Walter G. Copan, a chemist with extensive experience in industry and government, has been nominated to head the U.S. National Institute of Standards & Technology. Copan says he is honored to be President Donald J. Trump’s pick for the federal laboratory’s next director. “NIST is so central to the U.S. innovation system and to U.S. commerce. It is an organization that I have respected for many years,” he tells C&EN.
Facing a storm of criticism, the National Institutes of Health has abandoned a plan that would have limited the number of grants any one scientist could get.The Grant Support Index, which NIH rolled out last month, used a formula to determine whether an individual investigator could receive additional NIH funding. NIH leaders said it would effectively limit the number of grants any one scientist could get to three . . . To view the rest of this content, please log in with your ACS ID.
So Garg set out to help Kaylie and her older sister, Elaina, understand that chemicals are vital to some of their favorite things. Because they love to color, he thought a coloring book might be the perfect vehicle to spread that message to his girls and other kids their age. Garg involved Elaina and Kaylie in creating “The Organic Coloring Book,” starting with deciding which chemicals to present. “We came up with the chemicals that they were curious about,” he says.
Muck Rack makes it simple to find people, tweets, or articles that mention any name, keyword, company, hashtag etc. We've compiled this guide to help you make the most of your search.
Selecting a term
Start searching tweets, articles from media outlets, articles mentioned in tweets, journalists'
names, titles and bios with some suggested searches:
Companies or Topics (e.g. iPhone, Microsoft)
Phrases (e.g. "cloud computing") — use quotes to keep the terms together
Twitter handles (e.g. @username) — returns those who have mentioned or replied to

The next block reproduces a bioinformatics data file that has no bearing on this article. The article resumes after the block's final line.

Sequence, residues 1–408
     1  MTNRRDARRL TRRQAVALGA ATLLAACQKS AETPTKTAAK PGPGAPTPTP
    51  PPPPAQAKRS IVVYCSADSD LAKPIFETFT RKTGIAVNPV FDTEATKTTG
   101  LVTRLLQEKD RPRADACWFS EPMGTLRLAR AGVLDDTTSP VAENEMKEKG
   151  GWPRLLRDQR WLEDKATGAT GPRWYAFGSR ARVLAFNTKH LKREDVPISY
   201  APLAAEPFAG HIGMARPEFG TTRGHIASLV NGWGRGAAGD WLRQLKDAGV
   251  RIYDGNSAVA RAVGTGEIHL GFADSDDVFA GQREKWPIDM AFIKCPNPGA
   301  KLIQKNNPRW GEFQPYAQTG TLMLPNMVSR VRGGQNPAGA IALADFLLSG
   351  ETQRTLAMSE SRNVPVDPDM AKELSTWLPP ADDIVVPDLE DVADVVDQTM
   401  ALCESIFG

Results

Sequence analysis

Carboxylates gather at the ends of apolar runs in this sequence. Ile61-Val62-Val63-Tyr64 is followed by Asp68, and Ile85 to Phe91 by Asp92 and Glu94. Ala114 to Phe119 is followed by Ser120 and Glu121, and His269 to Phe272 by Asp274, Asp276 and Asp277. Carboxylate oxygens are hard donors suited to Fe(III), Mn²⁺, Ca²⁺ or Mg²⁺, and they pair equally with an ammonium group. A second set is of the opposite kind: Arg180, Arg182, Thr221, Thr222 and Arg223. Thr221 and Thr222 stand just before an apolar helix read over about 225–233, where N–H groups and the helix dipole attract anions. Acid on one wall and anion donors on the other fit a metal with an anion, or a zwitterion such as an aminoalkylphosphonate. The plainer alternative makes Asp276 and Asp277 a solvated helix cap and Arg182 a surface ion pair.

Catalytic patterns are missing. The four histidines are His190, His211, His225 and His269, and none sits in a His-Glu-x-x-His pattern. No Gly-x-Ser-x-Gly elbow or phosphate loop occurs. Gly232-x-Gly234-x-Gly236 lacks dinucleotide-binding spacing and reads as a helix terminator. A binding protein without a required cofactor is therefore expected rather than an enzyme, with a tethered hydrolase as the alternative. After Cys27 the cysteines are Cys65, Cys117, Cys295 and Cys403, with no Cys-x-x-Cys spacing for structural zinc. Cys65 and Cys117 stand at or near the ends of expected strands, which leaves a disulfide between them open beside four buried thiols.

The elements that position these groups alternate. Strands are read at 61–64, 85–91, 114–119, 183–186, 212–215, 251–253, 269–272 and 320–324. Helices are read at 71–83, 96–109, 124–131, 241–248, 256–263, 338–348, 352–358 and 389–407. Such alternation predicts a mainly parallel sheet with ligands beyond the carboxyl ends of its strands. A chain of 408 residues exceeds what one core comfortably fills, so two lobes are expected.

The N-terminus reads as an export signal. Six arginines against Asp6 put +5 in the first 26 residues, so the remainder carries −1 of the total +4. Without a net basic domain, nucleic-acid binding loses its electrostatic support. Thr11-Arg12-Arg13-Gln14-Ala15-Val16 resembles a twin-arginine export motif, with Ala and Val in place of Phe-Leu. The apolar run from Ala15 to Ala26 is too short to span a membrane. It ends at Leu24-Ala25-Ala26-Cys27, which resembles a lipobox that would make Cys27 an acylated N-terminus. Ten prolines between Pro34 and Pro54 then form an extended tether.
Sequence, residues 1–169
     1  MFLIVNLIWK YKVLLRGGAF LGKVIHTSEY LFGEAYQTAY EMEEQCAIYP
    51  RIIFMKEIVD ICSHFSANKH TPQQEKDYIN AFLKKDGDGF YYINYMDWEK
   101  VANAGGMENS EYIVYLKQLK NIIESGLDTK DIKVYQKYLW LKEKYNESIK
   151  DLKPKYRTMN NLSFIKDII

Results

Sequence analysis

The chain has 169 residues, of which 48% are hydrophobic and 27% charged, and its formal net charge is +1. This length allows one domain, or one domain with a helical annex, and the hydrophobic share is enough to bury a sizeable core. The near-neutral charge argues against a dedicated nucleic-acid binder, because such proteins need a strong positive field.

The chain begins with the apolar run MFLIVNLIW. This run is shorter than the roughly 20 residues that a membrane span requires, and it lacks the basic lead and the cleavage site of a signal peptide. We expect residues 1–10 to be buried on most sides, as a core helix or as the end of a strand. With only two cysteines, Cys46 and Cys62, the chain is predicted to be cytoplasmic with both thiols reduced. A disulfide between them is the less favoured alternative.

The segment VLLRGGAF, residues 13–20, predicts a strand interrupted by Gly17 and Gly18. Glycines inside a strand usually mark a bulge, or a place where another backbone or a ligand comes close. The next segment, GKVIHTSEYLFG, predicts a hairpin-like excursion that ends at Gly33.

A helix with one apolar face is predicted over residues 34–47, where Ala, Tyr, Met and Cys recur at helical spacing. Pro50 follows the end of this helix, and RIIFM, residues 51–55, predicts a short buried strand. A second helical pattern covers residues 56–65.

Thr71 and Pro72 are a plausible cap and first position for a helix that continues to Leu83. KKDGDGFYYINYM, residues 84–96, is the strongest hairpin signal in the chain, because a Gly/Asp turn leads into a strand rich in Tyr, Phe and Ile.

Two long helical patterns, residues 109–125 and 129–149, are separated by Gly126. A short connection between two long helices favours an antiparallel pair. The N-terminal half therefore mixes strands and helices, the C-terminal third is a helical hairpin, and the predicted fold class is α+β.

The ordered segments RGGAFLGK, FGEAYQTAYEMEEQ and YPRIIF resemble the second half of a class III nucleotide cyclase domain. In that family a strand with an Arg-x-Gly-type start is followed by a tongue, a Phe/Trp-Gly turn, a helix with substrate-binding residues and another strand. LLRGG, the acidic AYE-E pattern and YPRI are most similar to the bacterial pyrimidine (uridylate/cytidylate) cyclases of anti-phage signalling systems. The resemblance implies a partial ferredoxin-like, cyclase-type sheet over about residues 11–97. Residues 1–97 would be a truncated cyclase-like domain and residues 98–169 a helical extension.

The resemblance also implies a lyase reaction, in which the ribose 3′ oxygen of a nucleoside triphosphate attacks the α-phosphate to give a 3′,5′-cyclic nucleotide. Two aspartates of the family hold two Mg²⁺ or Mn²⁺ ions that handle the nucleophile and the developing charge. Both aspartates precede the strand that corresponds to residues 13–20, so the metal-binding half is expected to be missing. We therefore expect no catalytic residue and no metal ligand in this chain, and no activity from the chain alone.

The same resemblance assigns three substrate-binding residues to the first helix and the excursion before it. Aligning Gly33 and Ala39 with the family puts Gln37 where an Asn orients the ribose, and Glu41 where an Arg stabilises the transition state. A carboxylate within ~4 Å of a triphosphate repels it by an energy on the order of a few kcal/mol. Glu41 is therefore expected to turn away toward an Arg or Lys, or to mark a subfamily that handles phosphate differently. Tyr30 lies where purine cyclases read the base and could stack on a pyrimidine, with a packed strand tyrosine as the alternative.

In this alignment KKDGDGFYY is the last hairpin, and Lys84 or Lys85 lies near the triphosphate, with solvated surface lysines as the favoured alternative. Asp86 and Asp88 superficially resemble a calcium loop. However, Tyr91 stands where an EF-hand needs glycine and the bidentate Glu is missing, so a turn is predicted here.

Names (e.g. "David Pogue")
Hashtags (e.g. #sxsw, #london2012)
Bio details (e.g. vegan, Olympics, father)
Muck Rack's Advanced Search allows for many boolean operators.
Find results that mention multiple specified terms, use AND or
+. For example, ensure each result contains both Elon Musk and Mark Zuckerberg by
searching Obama AND Romney or Obama + Romney.
Use the operators OR or , to broaden your search when you'd like either of
multiple terms to appear in results. (This is the default behavior of our search when no operators
are used.) For example, search for democrat OR republican to find results that refer to
Democrats and/or Republicans.
Use NOT or - to subtract results from your search. For
example, searching Disney will yield results about the Walt Disney Company as well as Walt Disney
World Resort. To exclude mentions of Disney World, search for Disney -World or Disney
When using one of these operators with a phrase, enclose it in quotation marks. For example, you can
find results about smartphones excluding Apple's iPhone 4S by searching smartphone -"iPhone
Exact case matching or punctuation
If you're searching for a brand name or keyword that relies on specific punctuation marks or capitalization, you can
find results that match your exact query by adding matchcase: before the keyword you're searching for, like matchcase:E*TRADE .
Use parentheses to separate multiple
boolean phrases. For example, to find journalists talking about having fun in Disney World or
Disneyland, search for ("disney world" OR disneyland) AND fun.
An asterisk can be used to search for any variation of a root word truncated by the asterisk. For example, searching for admin* will return results for administrator, administration, administer, administered, etc.
A near operator is an AND operator where you can control the distance between the words. You can vary the distance the near operation uses by adding a forward slash and number (between 0-99) such as strawberries NEAR/10 "whipped cream", which means the strawberries must exist within 10 words of "whipped cream".